Israel Natural Gas Lines (INGL) officially launched its work building a natural gas marine absorption buoy, which by November this year should be capable of supplying 2-3 billion cu.m. of natural gas to Israel annually.

“The construction of a marine buoy for natural gas absorption is an important strategic move in the framework of a natural project being led by the Energy and Water Ministry – ‘Bringing the Gas to Land,’” said Energy and Water Minister Uzi Landau. “Its goal – providing stability, reliability and security in the energy market.”

Landau visited the worksite of the buoy on Tuesday morning aboard the Seminole ship, which INGL is using as a work platform to construct the natural gas absorption buoy, approximately 10 km. off the coast of Hadera. During the event – organized by the Energy and Water Ministry in partnership with INGL – officials held a ceremony to mark the opening of construction work and gave a progress report of the work thus far.

Joining Landau on the boat were officials from INGL, the ministry’s Natural Gas Authority, the Public Utility Authority, Israel Electric Corporation and other Energy and Water ministry representatives.

INGL is a wholly government-owned corporation, established in 2003, receiving a license for operation of the country’s natural gas system for the next 30 years, according to the company.

Due to Israel’s anticipated natural gas shortage, Landau had directed his office to formulate a solution that would bridge the gap between the depletion of the current Yam Tethys reservoir and the onset of a regular supply from the Tamar reservoir – expected to come online in 2013. The final decision was to construct a buoy, something which became increasingly critical as frequent interruptions of the Egyptian natural gas supply and its eventual complete termination occurred, a joint statement from INGL and the ministry said.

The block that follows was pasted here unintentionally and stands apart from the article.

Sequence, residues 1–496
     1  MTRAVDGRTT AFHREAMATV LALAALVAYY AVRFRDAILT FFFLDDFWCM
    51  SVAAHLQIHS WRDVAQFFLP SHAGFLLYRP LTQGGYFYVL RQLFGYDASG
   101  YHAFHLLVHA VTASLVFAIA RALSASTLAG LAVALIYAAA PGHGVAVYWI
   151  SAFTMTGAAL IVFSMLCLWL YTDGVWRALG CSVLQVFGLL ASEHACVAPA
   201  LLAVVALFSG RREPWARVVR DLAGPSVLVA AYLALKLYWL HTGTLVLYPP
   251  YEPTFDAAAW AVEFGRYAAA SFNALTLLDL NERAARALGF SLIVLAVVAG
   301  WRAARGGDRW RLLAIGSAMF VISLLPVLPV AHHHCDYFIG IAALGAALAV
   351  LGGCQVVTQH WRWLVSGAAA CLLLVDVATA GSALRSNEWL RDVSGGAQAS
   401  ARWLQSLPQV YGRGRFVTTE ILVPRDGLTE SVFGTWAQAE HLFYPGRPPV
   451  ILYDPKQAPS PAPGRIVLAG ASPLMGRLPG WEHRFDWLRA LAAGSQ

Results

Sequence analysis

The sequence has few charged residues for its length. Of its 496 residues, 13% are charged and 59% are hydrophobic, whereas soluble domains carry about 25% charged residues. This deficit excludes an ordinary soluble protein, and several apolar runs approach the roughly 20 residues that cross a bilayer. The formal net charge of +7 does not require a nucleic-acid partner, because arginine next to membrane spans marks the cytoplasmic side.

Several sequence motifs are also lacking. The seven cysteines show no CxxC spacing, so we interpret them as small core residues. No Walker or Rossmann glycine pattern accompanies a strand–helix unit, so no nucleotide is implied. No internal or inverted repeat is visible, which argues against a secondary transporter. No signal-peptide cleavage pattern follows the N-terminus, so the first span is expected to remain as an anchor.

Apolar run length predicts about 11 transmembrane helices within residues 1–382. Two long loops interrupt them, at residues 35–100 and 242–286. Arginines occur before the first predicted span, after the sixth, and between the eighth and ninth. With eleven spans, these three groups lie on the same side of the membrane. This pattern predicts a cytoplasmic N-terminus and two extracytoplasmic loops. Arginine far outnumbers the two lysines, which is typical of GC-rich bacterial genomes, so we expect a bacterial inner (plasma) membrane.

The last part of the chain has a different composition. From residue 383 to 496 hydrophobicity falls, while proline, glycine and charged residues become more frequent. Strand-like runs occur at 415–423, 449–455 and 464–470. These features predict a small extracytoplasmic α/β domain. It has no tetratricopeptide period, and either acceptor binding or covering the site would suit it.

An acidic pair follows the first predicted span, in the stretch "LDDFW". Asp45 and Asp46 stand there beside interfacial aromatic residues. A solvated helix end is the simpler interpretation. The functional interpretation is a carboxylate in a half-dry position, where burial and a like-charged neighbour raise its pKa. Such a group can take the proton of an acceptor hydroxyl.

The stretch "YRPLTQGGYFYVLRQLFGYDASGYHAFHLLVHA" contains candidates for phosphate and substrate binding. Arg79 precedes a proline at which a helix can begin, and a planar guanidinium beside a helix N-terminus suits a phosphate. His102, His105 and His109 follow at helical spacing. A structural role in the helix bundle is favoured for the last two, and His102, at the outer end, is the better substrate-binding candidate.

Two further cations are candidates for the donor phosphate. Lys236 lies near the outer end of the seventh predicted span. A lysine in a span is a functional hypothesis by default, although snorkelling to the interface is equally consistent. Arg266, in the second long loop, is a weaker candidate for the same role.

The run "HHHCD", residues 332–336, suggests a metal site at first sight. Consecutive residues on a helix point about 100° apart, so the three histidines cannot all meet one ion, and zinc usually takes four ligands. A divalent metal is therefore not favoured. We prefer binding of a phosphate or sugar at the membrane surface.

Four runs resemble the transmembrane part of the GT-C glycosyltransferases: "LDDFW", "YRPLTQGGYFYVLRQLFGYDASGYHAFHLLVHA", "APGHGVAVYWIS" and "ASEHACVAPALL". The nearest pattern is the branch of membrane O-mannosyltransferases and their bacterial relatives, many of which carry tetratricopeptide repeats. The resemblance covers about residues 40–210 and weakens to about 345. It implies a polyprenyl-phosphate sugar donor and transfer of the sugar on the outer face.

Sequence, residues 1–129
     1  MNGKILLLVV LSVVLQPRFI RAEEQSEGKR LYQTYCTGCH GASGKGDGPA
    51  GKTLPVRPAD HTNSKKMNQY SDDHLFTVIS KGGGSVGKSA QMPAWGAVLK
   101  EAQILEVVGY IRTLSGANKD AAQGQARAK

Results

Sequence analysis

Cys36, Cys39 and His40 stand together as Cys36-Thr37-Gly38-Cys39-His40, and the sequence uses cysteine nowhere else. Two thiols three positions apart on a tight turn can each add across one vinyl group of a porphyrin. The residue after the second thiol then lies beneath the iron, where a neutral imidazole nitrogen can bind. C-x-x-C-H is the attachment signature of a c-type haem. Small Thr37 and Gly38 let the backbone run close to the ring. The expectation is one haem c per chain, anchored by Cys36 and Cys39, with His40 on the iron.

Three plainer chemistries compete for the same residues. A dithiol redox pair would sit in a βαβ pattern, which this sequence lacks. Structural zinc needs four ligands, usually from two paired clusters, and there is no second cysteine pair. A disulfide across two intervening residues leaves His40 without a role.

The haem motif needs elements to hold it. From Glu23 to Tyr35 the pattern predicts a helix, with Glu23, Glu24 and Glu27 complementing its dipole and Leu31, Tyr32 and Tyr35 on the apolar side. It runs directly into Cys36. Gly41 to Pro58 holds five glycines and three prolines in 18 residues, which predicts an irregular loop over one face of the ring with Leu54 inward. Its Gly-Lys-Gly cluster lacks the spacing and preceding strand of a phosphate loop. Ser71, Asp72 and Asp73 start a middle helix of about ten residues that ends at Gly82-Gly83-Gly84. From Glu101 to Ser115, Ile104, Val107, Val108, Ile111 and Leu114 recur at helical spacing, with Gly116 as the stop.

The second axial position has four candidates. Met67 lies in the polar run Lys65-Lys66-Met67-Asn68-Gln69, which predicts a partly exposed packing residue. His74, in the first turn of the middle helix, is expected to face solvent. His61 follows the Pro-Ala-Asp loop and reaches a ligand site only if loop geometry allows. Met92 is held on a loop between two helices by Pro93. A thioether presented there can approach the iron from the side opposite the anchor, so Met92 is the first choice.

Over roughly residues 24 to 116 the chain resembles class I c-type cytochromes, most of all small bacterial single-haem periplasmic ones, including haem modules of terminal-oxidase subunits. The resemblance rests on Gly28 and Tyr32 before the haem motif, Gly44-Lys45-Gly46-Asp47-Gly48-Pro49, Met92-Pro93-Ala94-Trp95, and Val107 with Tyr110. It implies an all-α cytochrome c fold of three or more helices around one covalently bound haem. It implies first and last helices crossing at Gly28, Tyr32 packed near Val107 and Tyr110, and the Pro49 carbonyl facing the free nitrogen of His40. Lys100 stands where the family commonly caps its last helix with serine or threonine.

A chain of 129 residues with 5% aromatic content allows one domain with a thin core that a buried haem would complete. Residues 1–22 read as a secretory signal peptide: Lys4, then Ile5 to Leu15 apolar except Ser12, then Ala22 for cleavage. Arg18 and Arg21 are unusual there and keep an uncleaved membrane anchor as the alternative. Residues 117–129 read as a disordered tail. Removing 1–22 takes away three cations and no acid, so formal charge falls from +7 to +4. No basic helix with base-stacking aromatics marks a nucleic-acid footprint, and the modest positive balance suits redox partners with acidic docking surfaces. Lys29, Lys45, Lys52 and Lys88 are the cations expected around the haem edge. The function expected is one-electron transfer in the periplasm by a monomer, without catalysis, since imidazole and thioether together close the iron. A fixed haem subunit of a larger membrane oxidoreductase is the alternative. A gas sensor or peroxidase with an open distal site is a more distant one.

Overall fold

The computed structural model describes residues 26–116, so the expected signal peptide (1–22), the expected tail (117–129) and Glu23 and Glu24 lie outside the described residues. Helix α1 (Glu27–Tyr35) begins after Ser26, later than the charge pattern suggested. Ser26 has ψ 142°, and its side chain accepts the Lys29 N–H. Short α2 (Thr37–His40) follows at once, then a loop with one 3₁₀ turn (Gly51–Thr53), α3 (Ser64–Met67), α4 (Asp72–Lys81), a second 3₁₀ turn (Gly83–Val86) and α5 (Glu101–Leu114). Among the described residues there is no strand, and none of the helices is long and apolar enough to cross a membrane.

Once construction of the buoy is complete this fall, a gassing ship will then be able to connect to the buoy, providing it with Liquefied Natural Gas (LNG), which will then be transferred to the natural gas transmission system of Israel, the statement explained.

About a year ago the minister had first instructed INGL to erect a buoy through which the country could eventually receive 2-3 billion cu.m. of natural gas per year. Simultaneously, Landau directed the IEC to lease a gassing ship, according to the ministry. In February, INGL finished its National Master Plan and recently received building permit for the construction – allowing construction to begin “at record pace,” which the parties involved attributed to the cooperation among government officials.

The buoy is of the type called Submerged Turret Loading Buoy, and through it gassing ships will be able to unload natural gas directly into the country’s natural gas transmission system. Design, manufacture and construction of the buoy is occurring through the Italian company MICOPERI, after the government signed a NIS 500 million agreement with the firm in 2011.

“This project alone will provide almost half of the amount of natural gas annually required to generate electricity in the State of Israel,” said Landau, who called the new reception facility “an oxygen tube for the sector.”

“This is a facility that increases the country’s ability to maintain a continuous supply of energy to the power and industrial plants, and provides a network of security and independence for the energy market, especially in light of developments in Egypt, which affected the regular supply of gas to Israel,” Landau added.

Ron Chaimovski, INGL chairman, agreed that “this is a strategically important facility,” in a period of natural gas shortage.

“This project gives Israel the ability to import natural gas in a short timetable,” Chaimovski said.

Officials expect that work on the buoy will be complete by November 2012, according to INGL CEO, Samuel Turgeman.

“Immediately upon completion of the construction of the buoy, the State of Israel will be able to receive natural gas from an additional source and will not need to be satisfied with one single gas pipeline currently active,” Turgeman said.

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